William Saletan did a piece showing where he thinks the Republican’s fall attacks are going to go. He’s got seven in there, and, if you’ve followed the last couple months of the American political scene, you’ve heard those pitches already.
There are a couple of things that concern people about Mitt Romney and the Republicans, and I’m sure that the Obama campaign is going to pick up on them mighty fast. One is, that they can’t seem to be nailed down. For all the forceful talk, they really haven’t said specifically what Romney intends to do. I blame the Powerpoint Sea that anyone near a big company, or other organization, floats in these days. Everything is themes and concepts. The actual details, the paragraphs that explain, are not present. Invisible, maybe, like the other man in the Clint Eastwood duo. I know it’s a campaign, and this ditty about “campaign in poetry, govern in prose.” But if the voter is supposed to turn Obama out for not having met certain goals and specifics, isn’t it fair to ask what specifically Mitt Romney seeks to change? Otherwise, it sounds like the puff-and-blow that makes up so many corporate meetings, where a manager is trying to get over. I’m being handed the stack of slides—not details.
The Republican Party used to have a claim on “integrity” as a quality. This was more than just whether the candidate himself had integrity. No one is saying that Mitt Romney is a man of zero percent integrity. But the party he now leads lost its integrity some time ago. It used to be a solid, competent political force in America. Now it’s some kind of patchwork of nuts, wackjobs and goofy, stupid people. Virtually none of the cast of characters from the last reality show season (Bush, Cheney, etc.) were anywhere near Tampa this past week. Nor was the clown car of primary challengers, several of whom are already fading into oblivion. At least, with President Obama, you get personal integrity AND you get institutional integrity with a political party that is actually seeking to address issues that the country faces, and has faced since it all melted down five months before President Bush left office.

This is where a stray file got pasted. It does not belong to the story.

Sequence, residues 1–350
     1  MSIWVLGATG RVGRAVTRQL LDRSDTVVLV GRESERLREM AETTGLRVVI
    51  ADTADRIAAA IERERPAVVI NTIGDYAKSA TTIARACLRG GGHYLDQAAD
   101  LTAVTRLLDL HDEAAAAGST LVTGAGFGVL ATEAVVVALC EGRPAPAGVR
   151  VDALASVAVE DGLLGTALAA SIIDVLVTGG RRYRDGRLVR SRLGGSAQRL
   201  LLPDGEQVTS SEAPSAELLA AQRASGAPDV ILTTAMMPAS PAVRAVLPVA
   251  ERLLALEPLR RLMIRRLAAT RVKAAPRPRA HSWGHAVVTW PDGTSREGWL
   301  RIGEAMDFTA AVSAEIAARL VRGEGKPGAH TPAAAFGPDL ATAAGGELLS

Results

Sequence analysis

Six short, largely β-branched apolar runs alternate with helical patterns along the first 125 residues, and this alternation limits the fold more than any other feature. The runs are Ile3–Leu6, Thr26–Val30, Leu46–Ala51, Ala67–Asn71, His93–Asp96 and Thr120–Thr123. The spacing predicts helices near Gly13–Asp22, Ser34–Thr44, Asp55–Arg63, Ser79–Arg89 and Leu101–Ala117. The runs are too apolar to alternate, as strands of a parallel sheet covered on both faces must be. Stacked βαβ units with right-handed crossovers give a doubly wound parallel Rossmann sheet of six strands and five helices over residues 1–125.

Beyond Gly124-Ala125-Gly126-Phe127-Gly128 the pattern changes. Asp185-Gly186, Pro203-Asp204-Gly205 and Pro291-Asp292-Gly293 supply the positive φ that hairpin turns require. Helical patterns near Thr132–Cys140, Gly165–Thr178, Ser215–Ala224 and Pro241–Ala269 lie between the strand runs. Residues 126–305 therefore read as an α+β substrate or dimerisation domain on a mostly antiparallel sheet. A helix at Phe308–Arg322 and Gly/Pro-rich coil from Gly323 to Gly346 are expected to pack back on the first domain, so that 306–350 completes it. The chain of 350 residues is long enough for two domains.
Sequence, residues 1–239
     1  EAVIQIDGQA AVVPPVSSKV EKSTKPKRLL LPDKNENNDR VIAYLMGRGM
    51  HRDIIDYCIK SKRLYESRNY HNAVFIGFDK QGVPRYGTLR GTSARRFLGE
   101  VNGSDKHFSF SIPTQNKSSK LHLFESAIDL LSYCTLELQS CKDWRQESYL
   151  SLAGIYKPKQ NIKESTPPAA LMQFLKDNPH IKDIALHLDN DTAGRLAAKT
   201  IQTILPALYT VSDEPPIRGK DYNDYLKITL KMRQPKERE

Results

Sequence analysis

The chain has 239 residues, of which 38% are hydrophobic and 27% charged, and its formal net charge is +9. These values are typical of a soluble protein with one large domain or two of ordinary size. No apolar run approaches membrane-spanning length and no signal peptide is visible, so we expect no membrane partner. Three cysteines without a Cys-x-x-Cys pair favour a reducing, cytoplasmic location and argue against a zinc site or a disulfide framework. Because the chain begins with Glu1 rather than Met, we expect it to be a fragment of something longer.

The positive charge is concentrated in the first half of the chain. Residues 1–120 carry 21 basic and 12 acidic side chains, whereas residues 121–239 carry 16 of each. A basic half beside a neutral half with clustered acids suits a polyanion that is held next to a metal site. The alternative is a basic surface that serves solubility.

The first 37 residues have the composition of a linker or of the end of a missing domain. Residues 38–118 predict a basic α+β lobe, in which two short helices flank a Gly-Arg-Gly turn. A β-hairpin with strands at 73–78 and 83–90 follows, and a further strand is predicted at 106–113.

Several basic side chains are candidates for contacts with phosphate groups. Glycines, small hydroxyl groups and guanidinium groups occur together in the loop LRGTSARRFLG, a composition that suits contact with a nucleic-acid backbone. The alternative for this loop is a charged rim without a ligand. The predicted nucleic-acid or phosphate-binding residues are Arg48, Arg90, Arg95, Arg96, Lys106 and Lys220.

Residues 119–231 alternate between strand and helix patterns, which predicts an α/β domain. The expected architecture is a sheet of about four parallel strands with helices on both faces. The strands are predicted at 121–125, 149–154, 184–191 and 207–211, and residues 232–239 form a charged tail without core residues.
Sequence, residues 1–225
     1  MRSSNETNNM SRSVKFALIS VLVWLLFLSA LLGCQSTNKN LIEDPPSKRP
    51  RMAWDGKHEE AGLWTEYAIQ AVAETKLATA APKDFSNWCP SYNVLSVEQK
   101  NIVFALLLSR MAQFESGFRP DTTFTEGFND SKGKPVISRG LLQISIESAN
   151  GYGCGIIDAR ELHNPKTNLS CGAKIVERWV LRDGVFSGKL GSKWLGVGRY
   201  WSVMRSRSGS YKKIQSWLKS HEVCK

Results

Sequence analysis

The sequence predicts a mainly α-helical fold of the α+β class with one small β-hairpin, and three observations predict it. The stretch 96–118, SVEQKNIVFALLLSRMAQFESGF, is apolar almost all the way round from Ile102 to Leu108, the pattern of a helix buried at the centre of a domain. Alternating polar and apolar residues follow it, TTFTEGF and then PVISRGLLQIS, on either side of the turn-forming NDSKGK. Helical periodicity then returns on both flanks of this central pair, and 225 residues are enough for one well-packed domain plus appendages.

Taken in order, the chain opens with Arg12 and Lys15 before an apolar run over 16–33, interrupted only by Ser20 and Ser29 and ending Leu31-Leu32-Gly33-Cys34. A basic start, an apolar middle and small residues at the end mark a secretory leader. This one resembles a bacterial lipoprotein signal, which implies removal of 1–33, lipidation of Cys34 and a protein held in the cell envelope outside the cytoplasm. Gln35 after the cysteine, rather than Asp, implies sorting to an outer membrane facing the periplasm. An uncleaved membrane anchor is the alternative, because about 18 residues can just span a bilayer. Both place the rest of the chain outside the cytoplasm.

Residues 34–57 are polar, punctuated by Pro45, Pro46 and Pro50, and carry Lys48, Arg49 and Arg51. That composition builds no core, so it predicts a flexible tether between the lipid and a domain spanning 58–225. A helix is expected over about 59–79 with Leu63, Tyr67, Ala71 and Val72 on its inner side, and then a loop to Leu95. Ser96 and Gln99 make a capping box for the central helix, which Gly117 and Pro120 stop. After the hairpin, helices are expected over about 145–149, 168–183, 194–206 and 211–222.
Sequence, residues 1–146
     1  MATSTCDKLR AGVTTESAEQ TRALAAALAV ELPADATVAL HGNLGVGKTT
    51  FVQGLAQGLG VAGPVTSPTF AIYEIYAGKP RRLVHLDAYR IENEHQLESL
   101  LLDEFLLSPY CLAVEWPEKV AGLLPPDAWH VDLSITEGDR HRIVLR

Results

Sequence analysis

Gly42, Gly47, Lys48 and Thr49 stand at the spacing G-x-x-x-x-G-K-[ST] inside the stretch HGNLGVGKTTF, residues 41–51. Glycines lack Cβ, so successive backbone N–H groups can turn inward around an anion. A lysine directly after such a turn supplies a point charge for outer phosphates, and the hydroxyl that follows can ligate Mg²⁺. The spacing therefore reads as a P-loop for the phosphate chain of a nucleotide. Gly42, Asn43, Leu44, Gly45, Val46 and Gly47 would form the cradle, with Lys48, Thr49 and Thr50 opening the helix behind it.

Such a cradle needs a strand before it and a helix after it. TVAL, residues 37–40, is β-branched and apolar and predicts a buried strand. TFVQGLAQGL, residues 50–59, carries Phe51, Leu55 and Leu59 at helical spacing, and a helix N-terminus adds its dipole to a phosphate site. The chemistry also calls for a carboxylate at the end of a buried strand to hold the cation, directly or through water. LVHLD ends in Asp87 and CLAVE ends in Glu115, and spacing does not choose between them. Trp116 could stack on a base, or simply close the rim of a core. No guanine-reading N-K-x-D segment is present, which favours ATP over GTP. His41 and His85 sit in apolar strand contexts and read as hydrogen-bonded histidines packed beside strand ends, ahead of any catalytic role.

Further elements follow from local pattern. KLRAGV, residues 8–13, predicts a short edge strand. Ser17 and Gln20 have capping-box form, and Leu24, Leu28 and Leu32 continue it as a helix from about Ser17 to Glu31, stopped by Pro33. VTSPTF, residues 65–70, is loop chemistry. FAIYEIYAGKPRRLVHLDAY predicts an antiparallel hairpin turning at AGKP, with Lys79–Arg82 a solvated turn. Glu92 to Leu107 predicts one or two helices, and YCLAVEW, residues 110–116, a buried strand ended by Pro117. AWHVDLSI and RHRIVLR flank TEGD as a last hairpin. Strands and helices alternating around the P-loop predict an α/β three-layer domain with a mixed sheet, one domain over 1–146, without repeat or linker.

Why is a corporate consultant (who became a politician) better than an academic who became a politician? “Hire Bain and we’ll fix it” doesn’t resound as a campaign message. Yet that’s what I’m hearing out of all of what Romney is saying. And like the corporate hack, he doesn’t want to nail down his “deliverables”. He just wants the deal inked. But I, or any other voter, am supposed to buy this idea that we should select a president just because he’s been doing business deals a good part of his adult life? Wasn’t the last president who was allegedly the “successful businessman”, Herbert Hoover? The last failed businessman (hat seller) was Harry Truman. Who was better?